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Transformation fun!

  1. Mar 29, 2008 #1
    Describe a sequence of transformations that would transform the graph of

    y = 5cos3x into y = cos(3x + 6)
  2. jcsd
  3. Mar 29, 2008 #2
    The 5 in front of the cos(3x) (I assume it's cos(3x), be more clear next time) turned into a 1 in the second function. What does this mean?

    The (3x) turned into a (3x + 6). What does this mean?

    Recall the definitions of translations and expansions/compressions.
  4. Mar 29, 2008 #3
    Remember that:

    Let f(x), ang g(x), be two functions. Then if g(x)=f(x)+k, it means that g(x) is simply the function f(x) shifted up/down wards for k units.
    g(x)=f(x+k), it means that g(x) is simply the function f(x) shifted horizontally for k units, either to the right or to the left, depending on the sign of the constant k.
    g(x)=kf(x), it means that g is simply the function f, shrinked or extended(or how do you say it) vertically, depending whether |k|>1, or |k|<1.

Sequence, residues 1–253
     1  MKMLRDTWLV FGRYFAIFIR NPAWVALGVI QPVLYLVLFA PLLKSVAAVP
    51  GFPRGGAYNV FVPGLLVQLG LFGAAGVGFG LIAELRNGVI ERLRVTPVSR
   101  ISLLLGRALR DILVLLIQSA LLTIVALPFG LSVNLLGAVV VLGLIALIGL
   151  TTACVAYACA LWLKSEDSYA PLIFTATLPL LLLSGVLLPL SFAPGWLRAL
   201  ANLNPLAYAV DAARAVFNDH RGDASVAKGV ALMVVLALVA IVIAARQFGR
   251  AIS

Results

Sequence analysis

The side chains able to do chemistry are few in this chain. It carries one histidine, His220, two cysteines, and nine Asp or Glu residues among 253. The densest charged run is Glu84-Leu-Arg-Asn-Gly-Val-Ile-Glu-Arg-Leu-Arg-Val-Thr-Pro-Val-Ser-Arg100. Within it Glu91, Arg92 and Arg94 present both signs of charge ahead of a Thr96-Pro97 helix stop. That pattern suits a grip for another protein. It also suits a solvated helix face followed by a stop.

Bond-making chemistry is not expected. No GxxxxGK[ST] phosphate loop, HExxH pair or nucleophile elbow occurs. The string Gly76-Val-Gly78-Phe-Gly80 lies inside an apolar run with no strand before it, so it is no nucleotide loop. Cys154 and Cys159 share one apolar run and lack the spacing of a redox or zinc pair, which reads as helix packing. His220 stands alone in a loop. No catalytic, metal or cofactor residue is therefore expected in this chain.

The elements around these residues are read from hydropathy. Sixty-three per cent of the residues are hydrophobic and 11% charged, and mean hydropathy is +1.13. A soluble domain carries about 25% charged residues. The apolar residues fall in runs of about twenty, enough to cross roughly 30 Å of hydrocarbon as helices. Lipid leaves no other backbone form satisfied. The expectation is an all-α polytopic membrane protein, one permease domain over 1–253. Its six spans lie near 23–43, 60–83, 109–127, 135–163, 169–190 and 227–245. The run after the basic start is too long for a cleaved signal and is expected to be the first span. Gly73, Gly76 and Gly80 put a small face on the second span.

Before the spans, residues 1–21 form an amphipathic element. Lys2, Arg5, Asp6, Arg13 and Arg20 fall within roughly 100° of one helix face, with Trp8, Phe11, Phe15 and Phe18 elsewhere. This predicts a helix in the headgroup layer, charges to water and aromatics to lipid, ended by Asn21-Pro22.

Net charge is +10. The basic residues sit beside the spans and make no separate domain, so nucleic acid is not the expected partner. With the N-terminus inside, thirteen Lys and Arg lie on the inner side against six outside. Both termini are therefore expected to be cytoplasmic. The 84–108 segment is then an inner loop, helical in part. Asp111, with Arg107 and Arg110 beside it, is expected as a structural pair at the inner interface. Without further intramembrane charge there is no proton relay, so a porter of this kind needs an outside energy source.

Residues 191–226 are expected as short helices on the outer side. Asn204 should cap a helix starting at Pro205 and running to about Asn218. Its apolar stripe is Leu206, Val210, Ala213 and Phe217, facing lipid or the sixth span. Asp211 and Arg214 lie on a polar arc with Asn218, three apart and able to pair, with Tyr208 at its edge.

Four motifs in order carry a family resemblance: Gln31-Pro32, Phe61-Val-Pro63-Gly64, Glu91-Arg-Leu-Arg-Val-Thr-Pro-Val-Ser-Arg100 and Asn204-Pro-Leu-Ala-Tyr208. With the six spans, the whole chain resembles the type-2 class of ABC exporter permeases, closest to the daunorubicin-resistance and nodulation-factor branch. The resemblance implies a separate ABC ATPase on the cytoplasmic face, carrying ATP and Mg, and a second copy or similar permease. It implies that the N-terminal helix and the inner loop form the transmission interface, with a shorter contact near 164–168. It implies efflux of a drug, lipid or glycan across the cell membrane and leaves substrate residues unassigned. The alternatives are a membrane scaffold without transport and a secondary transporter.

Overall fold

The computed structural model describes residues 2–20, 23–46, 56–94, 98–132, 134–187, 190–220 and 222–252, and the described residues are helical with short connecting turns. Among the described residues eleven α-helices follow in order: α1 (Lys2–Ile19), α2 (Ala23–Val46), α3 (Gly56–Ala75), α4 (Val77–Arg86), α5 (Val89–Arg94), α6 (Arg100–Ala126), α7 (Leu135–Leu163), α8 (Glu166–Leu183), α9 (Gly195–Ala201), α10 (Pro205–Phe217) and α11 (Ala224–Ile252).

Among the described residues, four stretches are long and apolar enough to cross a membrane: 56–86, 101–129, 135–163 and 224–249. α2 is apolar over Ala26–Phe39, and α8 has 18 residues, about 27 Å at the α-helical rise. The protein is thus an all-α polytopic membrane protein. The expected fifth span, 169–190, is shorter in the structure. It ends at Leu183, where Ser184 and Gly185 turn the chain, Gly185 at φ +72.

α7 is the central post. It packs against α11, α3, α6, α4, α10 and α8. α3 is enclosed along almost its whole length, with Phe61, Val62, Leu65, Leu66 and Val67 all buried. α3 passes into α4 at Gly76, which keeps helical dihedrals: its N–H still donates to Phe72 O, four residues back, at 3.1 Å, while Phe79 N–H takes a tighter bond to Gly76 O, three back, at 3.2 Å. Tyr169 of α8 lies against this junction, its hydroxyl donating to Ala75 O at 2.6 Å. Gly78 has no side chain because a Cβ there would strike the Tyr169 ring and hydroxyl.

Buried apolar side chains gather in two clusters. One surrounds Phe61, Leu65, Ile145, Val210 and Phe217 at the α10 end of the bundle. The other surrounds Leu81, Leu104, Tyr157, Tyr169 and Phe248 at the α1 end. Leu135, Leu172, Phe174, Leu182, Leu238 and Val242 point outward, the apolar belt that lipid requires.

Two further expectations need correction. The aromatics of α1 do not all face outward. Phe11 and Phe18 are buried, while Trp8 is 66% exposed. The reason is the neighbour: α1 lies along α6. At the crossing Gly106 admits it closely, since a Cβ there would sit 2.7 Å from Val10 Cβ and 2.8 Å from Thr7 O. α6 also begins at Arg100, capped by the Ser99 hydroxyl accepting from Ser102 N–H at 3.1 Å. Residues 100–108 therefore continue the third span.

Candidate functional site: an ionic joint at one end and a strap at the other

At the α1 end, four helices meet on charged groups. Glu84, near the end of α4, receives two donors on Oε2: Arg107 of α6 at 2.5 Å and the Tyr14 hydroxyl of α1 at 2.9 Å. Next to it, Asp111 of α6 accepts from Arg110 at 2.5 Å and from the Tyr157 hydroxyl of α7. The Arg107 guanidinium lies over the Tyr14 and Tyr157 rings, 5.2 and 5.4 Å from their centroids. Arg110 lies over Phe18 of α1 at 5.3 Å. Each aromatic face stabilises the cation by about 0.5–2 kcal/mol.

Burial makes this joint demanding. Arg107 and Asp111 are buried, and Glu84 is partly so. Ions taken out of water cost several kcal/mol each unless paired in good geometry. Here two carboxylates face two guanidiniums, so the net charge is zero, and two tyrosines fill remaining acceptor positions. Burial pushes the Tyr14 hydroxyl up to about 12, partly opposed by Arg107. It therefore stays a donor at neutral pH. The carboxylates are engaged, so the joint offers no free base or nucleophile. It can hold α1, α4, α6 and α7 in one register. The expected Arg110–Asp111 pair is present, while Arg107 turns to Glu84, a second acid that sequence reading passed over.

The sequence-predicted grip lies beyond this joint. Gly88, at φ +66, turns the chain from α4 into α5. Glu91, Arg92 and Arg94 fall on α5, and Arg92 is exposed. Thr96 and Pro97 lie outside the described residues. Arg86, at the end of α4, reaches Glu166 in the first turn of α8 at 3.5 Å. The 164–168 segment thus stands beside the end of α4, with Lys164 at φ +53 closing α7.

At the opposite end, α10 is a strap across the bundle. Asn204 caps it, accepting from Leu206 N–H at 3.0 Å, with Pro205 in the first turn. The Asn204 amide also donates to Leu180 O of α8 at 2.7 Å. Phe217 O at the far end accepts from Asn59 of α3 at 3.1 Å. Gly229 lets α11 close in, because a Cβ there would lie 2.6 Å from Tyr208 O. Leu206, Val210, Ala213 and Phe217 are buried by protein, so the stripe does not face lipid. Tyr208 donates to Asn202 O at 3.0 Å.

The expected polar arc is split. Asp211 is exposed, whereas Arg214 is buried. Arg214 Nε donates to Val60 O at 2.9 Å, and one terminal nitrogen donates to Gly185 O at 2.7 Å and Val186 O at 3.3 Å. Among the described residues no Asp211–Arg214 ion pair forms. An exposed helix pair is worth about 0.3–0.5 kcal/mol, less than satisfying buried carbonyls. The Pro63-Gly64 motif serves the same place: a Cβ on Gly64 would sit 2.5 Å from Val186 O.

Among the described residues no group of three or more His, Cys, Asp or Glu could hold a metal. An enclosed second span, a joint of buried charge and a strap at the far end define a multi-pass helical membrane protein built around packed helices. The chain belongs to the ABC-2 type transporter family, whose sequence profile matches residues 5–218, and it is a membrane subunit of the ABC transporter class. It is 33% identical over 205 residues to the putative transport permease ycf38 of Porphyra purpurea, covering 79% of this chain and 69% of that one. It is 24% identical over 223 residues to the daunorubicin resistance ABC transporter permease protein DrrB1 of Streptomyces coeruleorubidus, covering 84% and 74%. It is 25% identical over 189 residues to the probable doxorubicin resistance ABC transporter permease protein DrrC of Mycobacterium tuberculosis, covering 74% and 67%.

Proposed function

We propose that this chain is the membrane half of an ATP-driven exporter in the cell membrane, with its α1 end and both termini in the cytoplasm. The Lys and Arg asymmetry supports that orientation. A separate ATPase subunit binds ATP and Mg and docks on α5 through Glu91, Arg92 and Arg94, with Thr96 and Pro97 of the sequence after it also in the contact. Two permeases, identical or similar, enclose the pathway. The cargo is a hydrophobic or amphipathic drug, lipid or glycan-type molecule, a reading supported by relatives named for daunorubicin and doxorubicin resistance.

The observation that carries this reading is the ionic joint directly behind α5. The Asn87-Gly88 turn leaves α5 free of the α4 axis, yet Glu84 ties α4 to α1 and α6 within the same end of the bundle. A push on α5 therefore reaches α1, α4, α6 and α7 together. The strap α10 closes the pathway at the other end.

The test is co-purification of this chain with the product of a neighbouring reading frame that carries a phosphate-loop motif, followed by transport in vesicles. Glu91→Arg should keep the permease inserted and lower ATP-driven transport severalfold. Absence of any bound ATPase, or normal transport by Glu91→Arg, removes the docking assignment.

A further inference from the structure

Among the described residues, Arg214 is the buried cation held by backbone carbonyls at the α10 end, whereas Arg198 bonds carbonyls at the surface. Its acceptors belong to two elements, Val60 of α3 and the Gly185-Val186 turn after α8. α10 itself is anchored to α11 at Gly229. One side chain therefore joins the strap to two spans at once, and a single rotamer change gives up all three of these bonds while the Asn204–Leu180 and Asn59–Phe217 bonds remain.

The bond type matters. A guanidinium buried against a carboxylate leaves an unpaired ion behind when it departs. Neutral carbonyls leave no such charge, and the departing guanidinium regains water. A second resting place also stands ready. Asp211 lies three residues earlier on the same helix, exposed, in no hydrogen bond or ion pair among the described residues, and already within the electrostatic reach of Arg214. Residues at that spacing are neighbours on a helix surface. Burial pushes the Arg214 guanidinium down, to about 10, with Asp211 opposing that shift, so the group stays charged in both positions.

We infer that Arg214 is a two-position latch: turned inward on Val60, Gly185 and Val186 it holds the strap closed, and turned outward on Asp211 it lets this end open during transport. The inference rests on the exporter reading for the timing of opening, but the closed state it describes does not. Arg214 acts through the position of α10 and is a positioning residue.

g(x)=f(kx), is again the function f either extended, or shrinked horizontally, depending on the value of the constant k.

    I hope this helps a lill bit.
  5. Mar 29, 2008 #4


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    Remember that any change before the given function is applied (in this case 5cos(3x)) is a change in x and any function after the function is a change in y.
    changing 5cos(3x) to cos(3x+6) involves 3 changes:
    1) Add 6 to 3x. That is, change 3x to 3x+ 6= 3(x+2) or x to (x+ 2). That's the first transformation.
    2) change y= cos(3x+6) to y= 5cos(3x+6) or y to 5y. That's the second transformation.
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